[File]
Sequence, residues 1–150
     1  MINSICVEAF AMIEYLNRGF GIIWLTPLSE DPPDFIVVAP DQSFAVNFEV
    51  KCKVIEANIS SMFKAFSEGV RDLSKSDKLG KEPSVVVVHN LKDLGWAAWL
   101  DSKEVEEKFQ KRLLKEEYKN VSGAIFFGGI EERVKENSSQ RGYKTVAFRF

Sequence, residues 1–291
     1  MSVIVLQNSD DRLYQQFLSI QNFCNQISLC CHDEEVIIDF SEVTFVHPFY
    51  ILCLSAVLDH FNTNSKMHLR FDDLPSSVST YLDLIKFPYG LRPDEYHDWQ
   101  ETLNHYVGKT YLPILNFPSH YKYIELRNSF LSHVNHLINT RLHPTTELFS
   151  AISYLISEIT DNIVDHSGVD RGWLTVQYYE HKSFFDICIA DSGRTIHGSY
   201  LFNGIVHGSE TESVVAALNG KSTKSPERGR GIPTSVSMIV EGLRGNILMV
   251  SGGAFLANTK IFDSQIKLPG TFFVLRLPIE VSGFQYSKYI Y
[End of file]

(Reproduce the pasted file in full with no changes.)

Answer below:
Sequence, residues 1–150
     1  MINSICVEAF AMIEYLNRGF GIIWLTPLSE DPPDFIVVAP DQSFAVNFEV
    51  KCKVIEANIS SMFKAFSEGV RDLSKSDKLG KEPSVVVVHN LKDLGWAAWL
   101  DSKEVEEKFQ KRLLKEEYKN VSGAIFFGGI EERVKENSSQ RGYKTVAFRF

Sequence, residues 1–291
     1  MSVIVLQNSD DRLYQQFLSI QNFCNQISLC CHDEEVIIDF SEVTFVHPFY
    51  ILCLSAVLDH FNTNSKMHLR FDDLPSSVST YLDLIKFPYG LRPDEYHDWQ
   101  ETLNHYVGKT YLPILNFPSH YKYIELRNSF LSHVNHLINT RLHPTTELFS
   151  AISYLISEIT DNIVDHSGVD RGWLTVQYYE HKSFFDICIA DSGRTIHGSY
   201  LFNGIVHGSE TESVVAALNG KSTKSPERGR GIPTSVSMIV EGLRGNILMV
   251  SGGAFLANTK IFDSQIKLPG TFFVLRLPIE VSGFQYSKYI Y